She didn't think there were 'owt wrong with her. (Carer, 8)
In contrast, those who did not have the common symptoms of stroke depicted in the FAST campaign were frustrated because it did not provide them with information they needed to recognise the stroke. These data help to question the comprehensive nature of the FAST acronym.
I didn't know what was the matter because, I mean it's wrong really, you know the FAST that they show. That didn't apply to [patient's name] at all. So I mean I knew something was radically wrong. But I wouldn't have said from that that it was a- [stroke], I think that's quite misleading actually. (Carer, 6)
Some participants described a period of waiting prior to seeking help with the expectation that symptoms may fade. Several patients chose to lie down or ‘sleep on it’ before they sought help. Patients were more reluctant to seek help than the relative or carer.
And all I wanted to do were go and lay down and it'd go away, I felt it'd go away, you see, if I went and laid down, so we had a bit of a disagreement, didn't we? (Patient, 24)
Several participants initially sought help from an intermediary such as a general practitioner (GP) or neighbour. In most cases, GPs or members of the local community health services stressed the urgency of contacting emergency medical services (EMS) or contacted them on behalf of the patient. In some cases, however, GPs organised home visits delaying treatment.
I just waited in the bottom of the bath and I shouted the wife up and she got me daughters and they phoned the doctor's and I think the doctor said ‘no, you're wasting time phoning me, it's a paramedic you want’. (Patient, 22)
Participants seeking help from EMS were satisfied with their response. Speed of arrival was a key factor in participants’ satisfaction with the acute care experience. Some participants noted concerns that their call may not be justified, but knowledge of stroke symptoms provided by the FAST campaign provided them with confidence.
I thought I could be putting all these people to a lot of trouble...I were 99% sure but the other 1% thought I could be wrong, but actually I weren't. But it's true, I'd seen it on there [pointing to the television]. (Carer, 30)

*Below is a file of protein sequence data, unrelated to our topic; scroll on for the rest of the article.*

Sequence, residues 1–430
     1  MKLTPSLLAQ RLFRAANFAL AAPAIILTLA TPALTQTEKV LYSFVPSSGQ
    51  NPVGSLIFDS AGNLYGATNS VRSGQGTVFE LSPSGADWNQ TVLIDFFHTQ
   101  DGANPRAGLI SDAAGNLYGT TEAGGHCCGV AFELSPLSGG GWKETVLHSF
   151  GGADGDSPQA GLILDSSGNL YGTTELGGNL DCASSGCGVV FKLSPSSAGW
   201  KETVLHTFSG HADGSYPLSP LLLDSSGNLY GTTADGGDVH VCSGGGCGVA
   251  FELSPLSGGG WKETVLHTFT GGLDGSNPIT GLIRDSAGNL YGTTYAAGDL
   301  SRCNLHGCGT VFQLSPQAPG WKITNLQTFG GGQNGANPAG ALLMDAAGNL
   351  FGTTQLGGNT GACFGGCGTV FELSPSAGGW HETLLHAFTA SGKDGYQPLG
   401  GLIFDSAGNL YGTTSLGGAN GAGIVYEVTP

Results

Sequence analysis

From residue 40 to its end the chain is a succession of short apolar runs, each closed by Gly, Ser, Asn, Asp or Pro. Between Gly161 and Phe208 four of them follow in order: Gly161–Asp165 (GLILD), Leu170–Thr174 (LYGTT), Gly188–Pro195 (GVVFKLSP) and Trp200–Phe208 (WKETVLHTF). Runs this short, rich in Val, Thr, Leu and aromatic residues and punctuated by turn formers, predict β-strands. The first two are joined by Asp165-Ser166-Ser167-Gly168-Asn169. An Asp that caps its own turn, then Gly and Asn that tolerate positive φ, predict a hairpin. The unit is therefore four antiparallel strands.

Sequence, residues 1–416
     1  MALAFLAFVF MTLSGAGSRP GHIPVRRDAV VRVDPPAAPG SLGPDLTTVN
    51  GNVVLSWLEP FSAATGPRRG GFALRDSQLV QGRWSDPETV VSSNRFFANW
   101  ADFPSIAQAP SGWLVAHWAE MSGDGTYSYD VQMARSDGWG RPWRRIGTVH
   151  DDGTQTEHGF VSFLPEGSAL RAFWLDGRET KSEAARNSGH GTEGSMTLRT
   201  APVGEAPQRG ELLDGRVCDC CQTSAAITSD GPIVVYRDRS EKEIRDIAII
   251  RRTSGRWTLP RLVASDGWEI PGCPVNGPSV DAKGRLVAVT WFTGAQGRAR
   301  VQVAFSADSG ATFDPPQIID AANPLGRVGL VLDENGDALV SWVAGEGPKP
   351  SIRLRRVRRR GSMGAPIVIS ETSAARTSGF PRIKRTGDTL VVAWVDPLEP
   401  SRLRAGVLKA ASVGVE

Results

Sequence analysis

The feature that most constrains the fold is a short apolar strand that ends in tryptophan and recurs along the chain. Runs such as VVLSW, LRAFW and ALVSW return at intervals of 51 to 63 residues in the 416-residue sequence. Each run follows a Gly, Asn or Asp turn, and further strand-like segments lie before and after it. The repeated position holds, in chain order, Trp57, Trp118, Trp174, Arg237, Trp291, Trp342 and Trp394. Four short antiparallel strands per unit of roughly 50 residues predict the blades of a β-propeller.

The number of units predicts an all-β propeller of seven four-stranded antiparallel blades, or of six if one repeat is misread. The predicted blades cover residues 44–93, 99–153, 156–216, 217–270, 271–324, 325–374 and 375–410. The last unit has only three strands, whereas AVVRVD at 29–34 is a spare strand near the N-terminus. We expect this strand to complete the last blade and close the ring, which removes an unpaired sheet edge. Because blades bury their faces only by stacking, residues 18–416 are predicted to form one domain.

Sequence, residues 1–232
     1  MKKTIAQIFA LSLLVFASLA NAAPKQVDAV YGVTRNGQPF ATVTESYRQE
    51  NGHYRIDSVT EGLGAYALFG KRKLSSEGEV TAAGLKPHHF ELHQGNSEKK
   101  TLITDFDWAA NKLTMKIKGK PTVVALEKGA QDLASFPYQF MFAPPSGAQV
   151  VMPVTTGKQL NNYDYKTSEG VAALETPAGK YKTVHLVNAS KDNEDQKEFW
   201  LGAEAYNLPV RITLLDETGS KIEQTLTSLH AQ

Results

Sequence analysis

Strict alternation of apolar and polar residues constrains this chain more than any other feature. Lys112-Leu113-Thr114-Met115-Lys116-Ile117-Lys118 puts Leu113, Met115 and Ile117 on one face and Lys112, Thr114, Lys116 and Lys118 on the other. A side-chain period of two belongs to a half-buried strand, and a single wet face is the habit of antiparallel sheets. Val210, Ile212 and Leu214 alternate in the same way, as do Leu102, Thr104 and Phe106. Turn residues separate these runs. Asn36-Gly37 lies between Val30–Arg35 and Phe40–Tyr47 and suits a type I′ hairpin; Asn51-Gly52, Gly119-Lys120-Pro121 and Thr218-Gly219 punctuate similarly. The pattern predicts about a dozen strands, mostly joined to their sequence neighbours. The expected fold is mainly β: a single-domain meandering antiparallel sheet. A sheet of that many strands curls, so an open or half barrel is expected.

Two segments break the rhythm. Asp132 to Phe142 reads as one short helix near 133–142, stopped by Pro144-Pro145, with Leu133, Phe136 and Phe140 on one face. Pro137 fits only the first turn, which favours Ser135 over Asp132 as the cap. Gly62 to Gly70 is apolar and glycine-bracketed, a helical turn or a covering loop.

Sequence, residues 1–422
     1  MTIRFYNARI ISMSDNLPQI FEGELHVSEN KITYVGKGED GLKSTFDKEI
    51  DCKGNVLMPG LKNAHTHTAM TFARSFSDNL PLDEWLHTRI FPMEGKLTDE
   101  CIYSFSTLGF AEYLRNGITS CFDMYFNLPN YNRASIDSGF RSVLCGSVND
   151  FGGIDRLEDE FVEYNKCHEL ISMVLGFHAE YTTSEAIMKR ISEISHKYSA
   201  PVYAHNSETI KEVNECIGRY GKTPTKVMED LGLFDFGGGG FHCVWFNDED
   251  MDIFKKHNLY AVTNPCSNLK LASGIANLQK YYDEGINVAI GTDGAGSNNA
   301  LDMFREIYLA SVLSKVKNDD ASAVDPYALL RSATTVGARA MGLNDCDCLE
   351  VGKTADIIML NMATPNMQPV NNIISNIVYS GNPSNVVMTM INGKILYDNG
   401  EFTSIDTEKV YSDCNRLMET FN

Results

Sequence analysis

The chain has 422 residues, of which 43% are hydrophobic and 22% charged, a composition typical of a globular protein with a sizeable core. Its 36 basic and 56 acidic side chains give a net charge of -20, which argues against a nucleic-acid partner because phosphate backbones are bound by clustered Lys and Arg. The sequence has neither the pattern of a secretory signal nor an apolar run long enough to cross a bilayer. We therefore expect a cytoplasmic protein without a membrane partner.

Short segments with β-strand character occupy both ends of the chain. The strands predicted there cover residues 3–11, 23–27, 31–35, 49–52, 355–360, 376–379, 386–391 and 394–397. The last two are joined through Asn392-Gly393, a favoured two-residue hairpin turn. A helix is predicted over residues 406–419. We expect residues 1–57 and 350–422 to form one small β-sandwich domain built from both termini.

One participant who had been misdiagnosed with a transient ischaemic attack (TIA) following a stroke and had a series of TIAs over the following week told her daughter not to phone for an ambulance because she was worried about wasting the paramedic's time.
You can't keep ringing 999, you know, every time this happens, you can't just keep ringing them. (Patient, 26)
Practices employed by call handlers were recognised as providing reassurance at a time of great anxiety for participants.
The operator stayed on with me, yeah, told me all the way what to look for, what to do. (Carer, 33)
Arriving in the emergency department
The FAST social marketing campaign appeared to contribute to participants’ knowledge of the symptoms of stroke and heightened their sensitivity to the passing of time. As such, there existed the perception that each delay in receiving care contributed to a poorer outcome for patients. Some participants noted that hospital services were able to respond to the necessity for rapid access to services, such as imaging, on arrival.
There were two doctors [...] and he said ‘stop there, we'll not be long, we're just taking her for a scan’ and they come back, and they took her straight up onto the ward. Very quick, yeah. (Carer, 25)
Despite examples of good practice, it was noted that delays did occur in the emergency department. Such delays were understood by participants to occur as a result of the poor availability of specialist staff or space and bed resources. There was an appreciation of the stresses of the emergency department, but a sense that opportunities were missed at this stage and that stroke was not treated with the priority it merited.